Morning Routine

Utilizing a morning routine is definitely a hot topic. Go on social media and there is no short of morning ritual testimonials out there. Most every, so called guru and successful individual, attribute a portion of their success to having a morning routine. If you have watched or listened to any of these, you have noticed how much they differ from one another.

Some people get up and workout right away in the morning. Others get up, journal, meditate, and get connected with the earth. Others do something cold right away to shock their system and wake up. Some people go outside right away to do something outdoors. Some even say, they try to get working as fast as possible, with little distractions. However, with all these differences, there is one common standard between them all.

They all say, to stay off your phone for at least the first 30 minutes, to control your day. The reason being, once you go on your phone, you are no longer in control. You are checking for phone calls, text messages, emails, social media, etc. Which are all other peoples problems, which you are now taking as your problems. If you do not have a purpose, you will find some ones purpose to take on. This starts your day out with you being controlled instead of having the control. It also distracts you from performing tasks, which are more productive than answering your phone.

Whether any of this is true, I do not know. However, this is what science tells us. Our most productive time of day, with the most brain activity is the first 2-3 hours of waking up, as long as you wake up at your first alarm or wake up naturally. The reason you have to wake up and not hit snooze and go back to bed is because of our 90-110 minute sleep cycles. So, if it takes you 90 to 110 minutes to complete a sleep cycle and you hit snooze and only sleep for 10 minutes, you put yourself in a stage called sleep inertia.

Sleep inertia is a temporary disorientation and decline in performance and/or mood after awakening from sleep. People can show slower reaction time, poorer short-term memory, and slower speed of thinking, reasoning, remembering, and learning.

There are sources saying sleep inertia is usually 30-60 minutes in duration but can last up to 4 hours. Take that for what is it, it is hard to get accurate information online anymore, especially when trusted sources, have proven not to be trustworthy anymore. Here is what I have to say about all of this.

When I wake up at my alarm clock, usually 5am or 530am, depends on the month, it usually takes me a few minutes to start functioning properly, but when I do, I feel awake. Especially if I go outside for a walk or take a cool shower (for me this is luke warm because I am not cold plunge crazy, I believe it has great benefits, but I am too much of a wuss). Once this occurs, I may be 20-30 minutes into my morning. I grab some water and coffee and go to work. I now have 2 hours of uninterrupted work. I am not getting phone calls, emails, texts, etc, from work. I am able to fully commit to the work at hand. So, I like to spend this time doing things that provoke or utilize the most brain power. Writing blog, doing research for topics, reading, journaling (thinking through things, and reviewing what has worked well and what has not), putting together budgets, going over what tasks need to be accomplished in the upcoming days, weeks, months, and other tasks that take optimal brain function to complete.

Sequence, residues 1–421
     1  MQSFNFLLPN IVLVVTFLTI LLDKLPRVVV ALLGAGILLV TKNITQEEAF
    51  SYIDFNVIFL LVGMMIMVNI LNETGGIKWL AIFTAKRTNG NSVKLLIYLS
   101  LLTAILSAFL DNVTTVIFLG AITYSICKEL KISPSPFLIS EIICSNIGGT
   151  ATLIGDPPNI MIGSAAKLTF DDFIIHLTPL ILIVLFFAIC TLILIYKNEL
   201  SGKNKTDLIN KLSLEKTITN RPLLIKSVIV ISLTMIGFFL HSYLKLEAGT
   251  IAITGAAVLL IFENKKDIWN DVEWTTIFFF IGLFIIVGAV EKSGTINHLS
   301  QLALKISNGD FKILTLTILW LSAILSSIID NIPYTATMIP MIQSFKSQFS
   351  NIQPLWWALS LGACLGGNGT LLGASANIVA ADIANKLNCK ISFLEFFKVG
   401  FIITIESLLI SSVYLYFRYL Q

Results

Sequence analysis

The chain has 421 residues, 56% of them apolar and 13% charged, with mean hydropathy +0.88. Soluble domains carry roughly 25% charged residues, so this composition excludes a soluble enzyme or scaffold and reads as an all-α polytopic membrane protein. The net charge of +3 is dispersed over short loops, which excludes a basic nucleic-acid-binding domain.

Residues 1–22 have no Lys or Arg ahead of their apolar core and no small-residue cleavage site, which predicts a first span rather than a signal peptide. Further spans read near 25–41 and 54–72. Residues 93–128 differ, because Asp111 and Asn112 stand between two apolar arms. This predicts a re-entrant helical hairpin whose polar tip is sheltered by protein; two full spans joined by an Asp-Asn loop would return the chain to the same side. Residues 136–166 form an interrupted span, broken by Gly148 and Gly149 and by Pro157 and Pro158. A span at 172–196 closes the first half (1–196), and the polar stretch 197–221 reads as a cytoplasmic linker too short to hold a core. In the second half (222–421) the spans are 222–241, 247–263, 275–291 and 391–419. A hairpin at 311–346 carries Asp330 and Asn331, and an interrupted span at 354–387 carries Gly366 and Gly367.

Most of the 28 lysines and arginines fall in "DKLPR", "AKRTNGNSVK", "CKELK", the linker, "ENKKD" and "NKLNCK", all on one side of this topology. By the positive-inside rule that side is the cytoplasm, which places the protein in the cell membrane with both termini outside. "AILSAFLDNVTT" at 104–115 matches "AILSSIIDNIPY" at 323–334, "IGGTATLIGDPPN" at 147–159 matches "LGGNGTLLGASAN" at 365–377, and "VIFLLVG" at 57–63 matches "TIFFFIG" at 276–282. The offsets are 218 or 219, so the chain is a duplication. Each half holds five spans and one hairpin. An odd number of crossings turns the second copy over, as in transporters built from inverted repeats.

I have been telling Sam for years. I get more work accomplished in the morning, before the world is awake, than I do all day long. If I work from 5am-8am, I get more accomplished than working 8-4pm. I think it has a lot to do with minimal distractions. During the morning, my only distraction is Sam getting ready for work and Mimi wanting to be fed, which are both minor distractions and do not really throw me off my thought process. So, whether this is science backed or not, I know through years of trial and error of waking up early.

When I hit snooze, I feel groggy, and the day seems to get away from me. When I wake up at my alarm, I feel energized and ready for the day, even if I did not get as much sleep as the days I hit snooze. If I get in a little movement right away, like a walk, it increases my brain function and alertness even more. I can get an exponential amount of work done in the morning with no distractions. I regularly get more accomplished in 2-3 hours in the morning, than 8 hours during the working day.

The hardest part is doing this consistently. When I do this consistently, I function at a higher frequency and life seems to progress a lot better. I do not have to work as many hours to see more results. So, every time I get off track and hit snooze or miss a day, I like to remind myself how shitty I felt, how the day got away from me, how I felt like I was trying to play catch up with my day. I used to workout in the mornings, I loved this for similar reasons, I had minimal distractions, I got my movement in right away, and I got an important task done early in the morning. However, I know myself and I know I struggle with getting office type of work accomplished more than I struggle with going to the gym in the afternoon.

So, whatever it is that is most important to you and takes the most brain function. I recommend utilizing the mornings with minimal distractions to accomplish those tasks. Also, wake up right at your alarm and get some movement, even if that is walking to the coffee pot. Utilize this time in the morning and free up your worry later on in the day, when you could be relaxing.

Your life Tutor

-Shaun Tutor


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